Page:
Every case has lessons that can be learned, but none of them gave Republicans what they were really after: the scandal that would destroy Barack Obama’s presidency.

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Stage 3: The (not so) dramatic hearings. Republicans decide to go ahead with hearings anyway, in most cases overseen by the spectacularly incompetent Darrell Issa, chair of the House Oversight Committee. The hearings reveal no new information, though they do provide an opportunity for Republican members to pretend to be outraged, and for ranking minority member Elijah Cummings to argue bitterly with Issa. In some cases, like Benghazi, this results in a downgrading of the central allegation, from the charge that people high up in the administration were directly responsible for four deaths, to the current charge, that people high up in the administration spun the events after the fact in an attempt to make the administration look good, which is 1) absolutely true, and 2) not a crime.

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Stage 4: The rage at the media for not paying enough attention. A core feature of Republican rhetoric on all these controversies is the complaint that the mainstream media are ignoring the story, and only Fox News is brave enough to bring the truth to the American people. But in fact, in every case, the media did pay attention for a time. Most all of these controversies got blanket coverage for a while. But that coverage inevitably petered out when Republicans were unable to substantiate their most dramatic claims.

You may not need much in the way of facts to get the scandal train moving — breathless allegations and high dudgeon are usually enough — but unless some real misdeeds are revealed, the train will slow to a stop. Republicans’ real problem isn’t that the media didn’t pay attention to the scandals, it’s that there just hasn’t been much there, leaving the media with little choice but to move on.

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Stage 5: The last gasp. That’s what the contempt vote against Lerner is, and in some ways, that’s what the select committee on Benghazi is, although that will be an extended last gasp. I’ll go out on a limb and predict that the select committee is going to uncover nothing meaningful that we don’t already know. Why? First, because there have already been lots of hearings and testimony and investigations and documents turned over, and no malfeasance has been revealed. Second, because I doubt these clowns would be capable of finding anything even if there was anything to find. It’s all about theater.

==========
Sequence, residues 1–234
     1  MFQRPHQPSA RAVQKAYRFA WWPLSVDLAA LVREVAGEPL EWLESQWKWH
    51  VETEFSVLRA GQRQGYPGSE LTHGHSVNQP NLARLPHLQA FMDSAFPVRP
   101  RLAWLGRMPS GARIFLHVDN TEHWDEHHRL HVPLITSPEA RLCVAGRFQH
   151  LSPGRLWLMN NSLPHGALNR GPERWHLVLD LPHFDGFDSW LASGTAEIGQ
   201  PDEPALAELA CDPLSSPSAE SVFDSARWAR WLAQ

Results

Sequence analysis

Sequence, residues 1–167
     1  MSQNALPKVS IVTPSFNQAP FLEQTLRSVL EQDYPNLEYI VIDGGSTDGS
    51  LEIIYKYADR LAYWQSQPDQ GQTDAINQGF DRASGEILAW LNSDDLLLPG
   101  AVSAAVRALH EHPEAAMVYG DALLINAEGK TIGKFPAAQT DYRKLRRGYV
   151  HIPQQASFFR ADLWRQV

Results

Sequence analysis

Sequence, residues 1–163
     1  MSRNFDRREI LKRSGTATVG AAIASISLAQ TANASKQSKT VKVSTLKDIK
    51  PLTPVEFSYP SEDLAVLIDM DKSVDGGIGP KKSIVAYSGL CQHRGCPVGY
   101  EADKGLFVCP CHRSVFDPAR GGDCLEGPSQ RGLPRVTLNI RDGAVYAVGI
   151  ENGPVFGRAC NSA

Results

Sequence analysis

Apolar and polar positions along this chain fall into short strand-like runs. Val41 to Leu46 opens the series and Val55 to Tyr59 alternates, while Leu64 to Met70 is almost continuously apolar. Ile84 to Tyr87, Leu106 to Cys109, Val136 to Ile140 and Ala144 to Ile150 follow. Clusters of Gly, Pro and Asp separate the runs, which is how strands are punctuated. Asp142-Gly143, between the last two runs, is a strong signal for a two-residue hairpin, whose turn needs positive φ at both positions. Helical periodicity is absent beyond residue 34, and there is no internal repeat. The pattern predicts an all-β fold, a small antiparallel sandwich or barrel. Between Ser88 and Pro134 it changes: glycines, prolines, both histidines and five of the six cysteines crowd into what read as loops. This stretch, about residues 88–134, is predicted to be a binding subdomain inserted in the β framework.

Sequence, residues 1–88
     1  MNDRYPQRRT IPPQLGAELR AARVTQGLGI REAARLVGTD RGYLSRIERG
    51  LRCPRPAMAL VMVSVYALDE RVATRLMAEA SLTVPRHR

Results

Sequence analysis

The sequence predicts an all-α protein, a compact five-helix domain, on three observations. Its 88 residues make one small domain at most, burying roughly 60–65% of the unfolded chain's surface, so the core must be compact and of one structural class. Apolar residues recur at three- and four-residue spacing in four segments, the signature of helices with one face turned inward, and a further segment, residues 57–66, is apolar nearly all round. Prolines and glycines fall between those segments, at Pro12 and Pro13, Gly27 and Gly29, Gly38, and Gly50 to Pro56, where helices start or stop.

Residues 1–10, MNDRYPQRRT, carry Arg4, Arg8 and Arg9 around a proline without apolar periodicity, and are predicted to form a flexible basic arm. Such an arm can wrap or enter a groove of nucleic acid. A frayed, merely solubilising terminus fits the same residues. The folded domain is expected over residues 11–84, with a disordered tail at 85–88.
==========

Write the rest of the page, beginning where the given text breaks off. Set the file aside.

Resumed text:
Indeed, GOP Rep. Trey Gowdy, the head of the new select committee on Benghazi, accidentally admitted as much, as Dana Milbank points out:

Asked by MSNBC’s Joe Scarborough about the possibility that his panel’s work would continue into the 2016 election campaign, Gowdy replied that “if an administration is slow-walking document production, I can’t end a trial simply because the defense won’t cooperate.”

A trial? And the Obama administration is the defense? So much for that “serious investigation” House Speaker John Boehner promised; his new chairman intends to play prosecutor, proving the administration’s guilt to the jury — in this case, the public.

Once the committee convenes, the media will be all over it for the first couple of days. And after it becomes apparent that no blockbuster revelations and no scandalous misbehavior being uncovered, they’ll drift away. And then Republicans will start complaining again that the media are conspiring with the administration in the cover-up.